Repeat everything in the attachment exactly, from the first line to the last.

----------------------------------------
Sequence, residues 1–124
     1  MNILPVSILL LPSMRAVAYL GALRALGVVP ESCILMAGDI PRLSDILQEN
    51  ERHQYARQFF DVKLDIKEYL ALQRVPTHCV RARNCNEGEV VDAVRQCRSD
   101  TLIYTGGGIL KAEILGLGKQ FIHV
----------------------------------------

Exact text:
Sequence, residues 1–124
     1  MNILPVSILL LPSMRAVAYL GALRALGVVP ESCILMAGDI PRLSDILQEN
    51  ERHQYARQFF DVKLDIKEYL ALQRVPTHCV RARNCNEGEV VDAVRQCRSD
   101  TLIYTGGGIL KAEILGLGKQ FIHV